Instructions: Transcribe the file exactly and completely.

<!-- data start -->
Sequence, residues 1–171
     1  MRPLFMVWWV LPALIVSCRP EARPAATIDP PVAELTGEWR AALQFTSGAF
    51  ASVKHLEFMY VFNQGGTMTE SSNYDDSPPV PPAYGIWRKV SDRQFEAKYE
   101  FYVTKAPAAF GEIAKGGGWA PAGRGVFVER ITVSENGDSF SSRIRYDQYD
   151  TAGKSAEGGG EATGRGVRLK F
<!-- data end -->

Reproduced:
Sequence, residues 1–171
     1  MRPLFMVWWV LPALIVSCRP EARPAATIDP PVAELTGEWR AALQFTSGAF
    51  ASVKHLEFMY VFNQGGTMTE SSNYDDSPPV PPAYGIWRKV SDRQFEAKYE
   101  FYVTKAPAAF GEIAKGGGWA PAGRGVFVER ITVSENGDSF SSRIRYDQYD
   151  TAGKSAEGGG EATGRGVRLK F